Don't forget to attend the Book Fair at Barnes & Noble Morrison (across from South Park Mall) on Thursday, 9/1. B&N will pre-stock all the novels you'll need for English this year, and Queen's Grant will receive a portion of ALL sales to QG families that day (so make sure you say you're with Queen's Grant when you check out!). You can also shop online! Use the code 10545069 when you check out.
Read the short story "The Dead" by James Joyce. A full copy is available here: http://mockingbird.creighton.edu/english/micsun/IrishResources/dead.htm. Answer the questions attached below in complete sentences. Note that the page numbers will likely NOT match up to whatever edition you are reading.
In order to encourage you to develop better study skills, I am offering 5 points extra credit on the Pride and Prejudice Unit test in exchange for turning in all your Pride and Prejudice homework assignments before the test. In order to receive extra credit, you must turn in original copies of all eight sets of homework questions in your own handwriting with my signature on them. You may NOT re-do assignments or photocopy them from someone else to earn these extra credit points.
Get a paper bag from Ms. Fay's classroom. Fill it with 5-10 cans of food and return it to Ms. Fay's classroom by Friday in exchange for a "homework pass" that may be exchanged any time this quarter for the equivalent of ten total points, such as . . .
Internet Public Library: http://www.ipl.org/div/litcrit/
50 Places to Find Literary Criticism Online: http://www.onlineuniversitylowdown.com/2007/08/50-places-to-find-literary-criticism-online.html
Pathfinder (scroll down to "Finding Literary Criticism"): http://www.clarke.public.lib.ga.us/pathfinders/literarycriticism/litcrit.html
Charlotte Mecklenburg Public library has a plethora of resources available, but you must have a current library card to access them online: http://www.plcmc.lib.nc.us/online/. Academic Search Premier, Gale Virtual Reference Library, and Literary Reference Center are good databases for literary criticism.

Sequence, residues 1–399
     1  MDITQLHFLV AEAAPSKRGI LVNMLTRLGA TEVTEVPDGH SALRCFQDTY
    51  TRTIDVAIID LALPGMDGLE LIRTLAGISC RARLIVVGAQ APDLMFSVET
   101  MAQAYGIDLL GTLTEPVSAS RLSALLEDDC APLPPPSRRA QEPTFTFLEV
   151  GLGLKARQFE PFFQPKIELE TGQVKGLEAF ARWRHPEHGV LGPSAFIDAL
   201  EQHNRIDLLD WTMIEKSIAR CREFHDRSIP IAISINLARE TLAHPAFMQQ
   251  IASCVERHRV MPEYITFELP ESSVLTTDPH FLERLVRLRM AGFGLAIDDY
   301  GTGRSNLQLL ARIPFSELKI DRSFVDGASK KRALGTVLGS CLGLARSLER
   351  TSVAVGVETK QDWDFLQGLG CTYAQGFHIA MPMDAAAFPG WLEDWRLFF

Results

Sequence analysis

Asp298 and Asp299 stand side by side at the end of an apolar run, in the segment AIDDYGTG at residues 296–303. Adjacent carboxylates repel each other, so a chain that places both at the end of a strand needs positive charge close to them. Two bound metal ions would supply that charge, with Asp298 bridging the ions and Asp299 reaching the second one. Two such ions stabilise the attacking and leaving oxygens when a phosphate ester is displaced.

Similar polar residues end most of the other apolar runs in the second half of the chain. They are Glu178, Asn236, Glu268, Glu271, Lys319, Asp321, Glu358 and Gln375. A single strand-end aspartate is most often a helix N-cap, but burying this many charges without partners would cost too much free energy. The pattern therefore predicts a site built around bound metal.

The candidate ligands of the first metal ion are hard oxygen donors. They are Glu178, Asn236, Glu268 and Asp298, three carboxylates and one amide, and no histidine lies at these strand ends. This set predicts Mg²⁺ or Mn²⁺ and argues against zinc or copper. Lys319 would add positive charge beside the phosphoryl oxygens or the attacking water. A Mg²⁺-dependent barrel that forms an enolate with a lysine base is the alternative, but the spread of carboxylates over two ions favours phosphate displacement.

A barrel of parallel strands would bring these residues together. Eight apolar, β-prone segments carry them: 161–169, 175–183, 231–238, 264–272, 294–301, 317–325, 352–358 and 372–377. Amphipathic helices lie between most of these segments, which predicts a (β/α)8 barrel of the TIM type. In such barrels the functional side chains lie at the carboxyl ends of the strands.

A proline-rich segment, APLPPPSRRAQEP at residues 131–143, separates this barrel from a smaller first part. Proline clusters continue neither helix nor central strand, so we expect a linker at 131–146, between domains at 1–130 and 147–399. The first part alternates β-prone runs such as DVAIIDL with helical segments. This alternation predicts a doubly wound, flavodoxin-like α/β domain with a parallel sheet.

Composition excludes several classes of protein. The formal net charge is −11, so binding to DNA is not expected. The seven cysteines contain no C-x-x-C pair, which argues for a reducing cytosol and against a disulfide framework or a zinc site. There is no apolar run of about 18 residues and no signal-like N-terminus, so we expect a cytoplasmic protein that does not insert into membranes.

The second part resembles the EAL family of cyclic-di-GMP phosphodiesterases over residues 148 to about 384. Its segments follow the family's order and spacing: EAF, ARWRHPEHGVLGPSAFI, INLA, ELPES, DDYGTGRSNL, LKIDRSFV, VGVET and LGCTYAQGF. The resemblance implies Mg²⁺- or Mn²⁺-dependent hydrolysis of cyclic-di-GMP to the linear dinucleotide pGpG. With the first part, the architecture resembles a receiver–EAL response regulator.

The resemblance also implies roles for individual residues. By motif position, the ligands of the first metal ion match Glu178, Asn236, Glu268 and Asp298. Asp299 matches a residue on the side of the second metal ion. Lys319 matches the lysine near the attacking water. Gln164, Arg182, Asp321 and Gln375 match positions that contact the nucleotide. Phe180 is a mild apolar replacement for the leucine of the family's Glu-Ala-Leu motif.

Check the downloads section of your class web site for a calendar of assignments through exams!
· Objective: about 60 points
o Character matching
o Characteristics of Shakespeare’s Theater
o Rhetorical Strategies
· Essay: about 40 points
o Summarize and respond to what you have learned about the importance of race in to Othello. Address the following questions.
o How were Africans perceived in Elizabethan England?
o How does Othello support and refute Elizabethan stereotypes about Africans? Include support from “The Description of Leo Africanus” and the vocabulary words we defined in class.
o How important is race to the character of Othello and the play? Could a person of a different race or gender play the role effectively today?
You may bring a one-page plan or outline to help you with the essay only. You will not be able to use these notes on the multiple choice section. You may not bring additional class notes or handouts. PLAN AHEAD. You will not have time to complete the test during the class period if you do not come prepared.
A study guide for Friday's Othello test and most of the notes and handouts from the Othello unit are available in the downloads section of the web site.
A study guide for the Canterbury Tales Quiz is available in the downloads section of the class web site. We will review together briefly on 10/28 or 11/1.
AP English students: a study guide is available for Friday's poetry unit test in the "downloads" section of the class web site. We will review together in class on Thursday.